Is a cache of jazz records ordinary or extraordinary?

MIles Davis. Photo courtesy of Legacy

By Susan Sliwicki

Question: Hello, and thanks for taking time to read my e-mail. I was cleaning out a storage closet to store my lawn mower in and I came across 52 vinyl records … some of the artists are Duke Ellington, Louis Armstrong, Miles Davis, Quincy Jones,Oscar Peterson, Getz/Gilberto, and so on they are mostly good to very good shape. Some have not been opened; I’m wondering am I sitting on something of value? Is there a profitable market out there for this genre of music? If you can help in any way possible, I will be eager to listen.

— Mikell D Smith, via e-mail

Answer: Well, Mikell, There’s always a market for records, but the resale value truly varies based on artists, rarity, condition, collecting trends, etc.

The million-dollar question is whether your artists and records match the “profitable” market, which is very difficult to determine without the specifics of each individual record, pictures of the albums, etc. That said, we’ll deal in some generalities, first in condition, and then in artist trends.

First and foremost, since these records appeared to be a surprise to you, we’d advise you to consider any money they might bring your way to be a bonus.

Since you found this box of records in a storage closet where you’re seeking to put your lawn mower, we’ve got to be honest — that doesn’t sound like ideal long-term record storage conditions. To prevent albums from becoming damaged, you need to avoid extremes in temperature and humidity. Unless your storage area is climate-controlled, chances are that the records have probably suffered at least some level of environmental damage, be it warping or otherwise. For your sake, I’m sincerely hoping it’s a great storage area that’s away from extremes of light, heat, cold and moisture.

Next is determining the basics of condition. When a person who isn’t a record collector finds a record and says it’s in “good” condition, a die-hard collector is generally going to turn and run the other way, unless you’re in possession of a true rarity. Most collectors also want the original sleeves, covers and inserts, too. Missing or damaged parts tend to reduce value.

The key grades collectors are going to seek, in order from most desirable condition to least desirable condition, are Mint, Near Mint, Very Good Plus/Excellent, Very Good. Still Sealed records, which is sounds like you may have, are another can of worms. First and foremost, DON’T open the record. Still-sealed records can bring higher prices than traditional guide values, provided the pieces are free from damage.

Mint is a record that’s absolutely perfect in every way. Unfortunately, it’s often rumored, but rarely seen.
The best grade of record you’re likely to see is Near Mint, which looks like it came from a shop and was opened for the first time. NM records are shiny and free of visible defects. Very Good Plus/Excellent records would be Near Mint, except for a couple of minor things, like light scuffs, slight warps or scratches that don’t affect the listening experience. Most collectors, especially those who want to play their records, will be happy with records in VG+ or E condition.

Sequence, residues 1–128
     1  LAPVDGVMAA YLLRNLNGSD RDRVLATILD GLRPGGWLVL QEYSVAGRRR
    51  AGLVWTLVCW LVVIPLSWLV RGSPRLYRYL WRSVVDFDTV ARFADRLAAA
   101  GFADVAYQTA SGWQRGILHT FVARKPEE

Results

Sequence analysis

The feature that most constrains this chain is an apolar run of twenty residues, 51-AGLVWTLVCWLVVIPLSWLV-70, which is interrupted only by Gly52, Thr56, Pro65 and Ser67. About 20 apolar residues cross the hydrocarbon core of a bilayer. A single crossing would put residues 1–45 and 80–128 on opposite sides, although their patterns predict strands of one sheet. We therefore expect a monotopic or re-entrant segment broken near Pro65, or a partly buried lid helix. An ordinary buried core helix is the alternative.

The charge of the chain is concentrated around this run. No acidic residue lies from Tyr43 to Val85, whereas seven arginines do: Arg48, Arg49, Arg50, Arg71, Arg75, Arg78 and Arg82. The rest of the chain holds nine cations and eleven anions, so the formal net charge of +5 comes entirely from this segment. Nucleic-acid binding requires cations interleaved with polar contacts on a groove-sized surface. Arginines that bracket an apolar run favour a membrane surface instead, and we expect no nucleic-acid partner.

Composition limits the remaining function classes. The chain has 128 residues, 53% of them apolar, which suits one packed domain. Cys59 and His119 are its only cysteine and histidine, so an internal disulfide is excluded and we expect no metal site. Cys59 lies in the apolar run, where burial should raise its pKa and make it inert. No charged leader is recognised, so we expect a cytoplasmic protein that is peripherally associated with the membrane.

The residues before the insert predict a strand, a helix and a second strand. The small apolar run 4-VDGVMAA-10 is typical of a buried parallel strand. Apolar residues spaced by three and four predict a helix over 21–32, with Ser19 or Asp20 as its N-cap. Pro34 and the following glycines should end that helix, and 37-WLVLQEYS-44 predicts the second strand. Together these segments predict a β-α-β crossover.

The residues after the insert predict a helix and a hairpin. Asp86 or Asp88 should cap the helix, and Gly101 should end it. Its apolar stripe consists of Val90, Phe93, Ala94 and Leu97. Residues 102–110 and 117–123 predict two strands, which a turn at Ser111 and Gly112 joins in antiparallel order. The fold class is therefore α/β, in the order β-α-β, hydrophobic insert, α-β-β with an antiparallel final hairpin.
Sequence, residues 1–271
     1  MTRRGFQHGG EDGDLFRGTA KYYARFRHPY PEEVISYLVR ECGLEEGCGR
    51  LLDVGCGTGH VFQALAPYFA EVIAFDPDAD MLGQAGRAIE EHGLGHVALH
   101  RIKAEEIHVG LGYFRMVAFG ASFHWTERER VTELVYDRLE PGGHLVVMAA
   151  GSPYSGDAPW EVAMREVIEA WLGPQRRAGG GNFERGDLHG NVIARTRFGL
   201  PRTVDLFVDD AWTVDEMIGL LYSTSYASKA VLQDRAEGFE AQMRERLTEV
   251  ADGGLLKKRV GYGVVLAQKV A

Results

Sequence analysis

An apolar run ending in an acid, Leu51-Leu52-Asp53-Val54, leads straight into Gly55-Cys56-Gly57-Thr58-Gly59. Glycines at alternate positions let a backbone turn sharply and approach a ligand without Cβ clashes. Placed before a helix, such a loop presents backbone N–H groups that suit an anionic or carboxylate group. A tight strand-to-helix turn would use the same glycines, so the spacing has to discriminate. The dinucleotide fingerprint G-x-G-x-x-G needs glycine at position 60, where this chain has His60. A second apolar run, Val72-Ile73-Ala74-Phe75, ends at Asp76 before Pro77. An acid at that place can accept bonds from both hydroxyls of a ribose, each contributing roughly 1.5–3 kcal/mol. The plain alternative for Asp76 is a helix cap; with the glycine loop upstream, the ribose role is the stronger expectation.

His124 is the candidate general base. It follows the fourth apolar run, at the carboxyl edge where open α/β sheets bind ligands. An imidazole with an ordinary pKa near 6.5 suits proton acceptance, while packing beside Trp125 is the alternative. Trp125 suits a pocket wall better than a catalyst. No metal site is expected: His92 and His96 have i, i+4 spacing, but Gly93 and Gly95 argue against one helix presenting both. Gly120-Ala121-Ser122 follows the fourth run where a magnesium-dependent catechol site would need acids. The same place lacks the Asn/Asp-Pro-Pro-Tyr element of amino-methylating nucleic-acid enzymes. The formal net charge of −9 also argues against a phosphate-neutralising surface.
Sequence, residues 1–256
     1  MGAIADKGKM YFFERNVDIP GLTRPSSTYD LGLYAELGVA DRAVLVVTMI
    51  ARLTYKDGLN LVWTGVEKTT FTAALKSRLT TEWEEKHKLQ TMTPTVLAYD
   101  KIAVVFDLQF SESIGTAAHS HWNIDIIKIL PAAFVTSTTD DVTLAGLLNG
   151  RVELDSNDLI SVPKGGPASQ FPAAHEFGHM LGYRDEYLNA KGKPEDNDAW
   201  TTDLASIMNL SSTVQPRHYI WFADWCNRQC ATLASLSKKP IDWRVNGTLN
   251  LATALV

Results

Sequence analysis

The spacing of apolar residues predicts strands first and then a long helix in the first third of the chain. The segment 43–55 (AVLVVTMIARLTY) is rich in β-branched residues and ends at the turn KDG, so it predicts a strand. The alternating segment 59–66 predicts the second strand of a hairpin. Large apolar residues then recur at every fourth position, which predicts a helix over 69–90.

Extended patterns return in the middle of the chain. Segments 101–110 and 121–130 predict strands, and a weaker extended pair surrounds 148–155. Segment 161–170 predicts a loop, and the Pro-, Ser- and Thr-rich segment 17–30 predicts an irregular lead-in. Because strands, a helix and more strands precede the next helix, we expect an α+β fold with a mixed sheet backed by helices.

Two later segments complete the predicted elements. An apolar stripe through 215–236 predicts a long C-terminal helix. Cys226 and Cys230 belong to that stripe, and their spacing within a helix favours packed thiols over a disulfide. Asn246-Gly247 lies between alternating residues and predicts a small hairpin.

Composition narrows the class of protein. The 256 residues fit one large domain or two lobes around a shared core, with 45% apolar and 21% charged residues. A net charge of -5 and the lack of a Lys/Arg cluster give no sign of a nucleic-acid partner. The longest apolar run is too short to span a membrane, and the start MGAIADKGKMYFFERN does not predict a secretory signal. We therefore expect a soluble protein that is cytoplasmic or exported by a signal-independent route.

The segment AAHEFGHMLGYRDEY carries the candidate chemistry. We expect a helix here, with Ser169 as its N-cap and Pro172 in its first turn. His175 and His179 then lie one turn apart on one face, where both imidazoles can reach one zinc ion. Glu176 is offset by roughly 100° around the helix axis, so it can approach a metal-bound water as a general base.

Records in Very Good condition have more obvious flaws than VG+/E records. They aren’t glossy, they show visible groove wear and tend to exhibit light scratches that are deep enough to feel with a fingernail. While the grades of good, poor and fair also exist, they typically aren’t considered desirable conditions for committed collectors.

Provided your records have been safely stored and meet the criteria to be VG or better, it’s time to start doing some sleuthing about your records.

It’s hard to tell from your description whether any of your records match those criteria, and whether your expectations of what’s “profitable” may not match up to the records’ actual worth. Price guides, like “Goldmine’s Standard Catalog of American Records 1950-1975,” can help you out. Or, you can check eBay to see how similar records by similar artists are bringing at auction (or, in some cases, not selling).

There are quite a few high-end albums for Miles Davis, notably issues on the Blue Note and Columbia labels. For instance, depending on the version of Miles Davis, Vol. 1, on Blue note, you could be looking at anywhere from $20 for a 1966 mono pressing on BLP-1501 that bears “A Division of Liberty Records on the label” up to $500 for one that is the “deep groove” version with the Lexington Avenue address on the label. Other albums of note in his catalog: “Miles Davis Vol. 2” on Blue Note ($100 to $1,000); “Miles Davis Vol. 3 on Blue Note ($1,000) “Miles Davis (Young Man With A Horn) on Blue Note, $1,000. Keep in mind, though, that there are plenty 45s and LPs ranging between $5 and $45 in his catalog, too.

Oscar Peterson is not nearly as collectible as Miles Davis, but Oscar has a few $50-and-up records to his name, notably those on the Clef Label, including “Oscar Peterson Piano Solos” and “Oscar Peterson at Carnegie Hall.”

Stan Getz clocks in with quite a few LPs worth $100 or more including “West Coast Jazz and “Stan Getz Plays on Norgran, as well as the Prestige release of “Stan Getz and The Tenor Sax Stars.”


For related items that you may enjoy in our Goldmine store:
• A great resource for record collecting is Goldmine’s “Standard Catalog of American Records, 1950-1975, 6th Edition,” in large paperback and DVD
• Check out an informative read in “The Everything® Rock & Blues Piano Book with CD, Master riffs, licks, and blues styles from New Orleans to New York City”
• Check out a download of the Top 50 Vinyl Records

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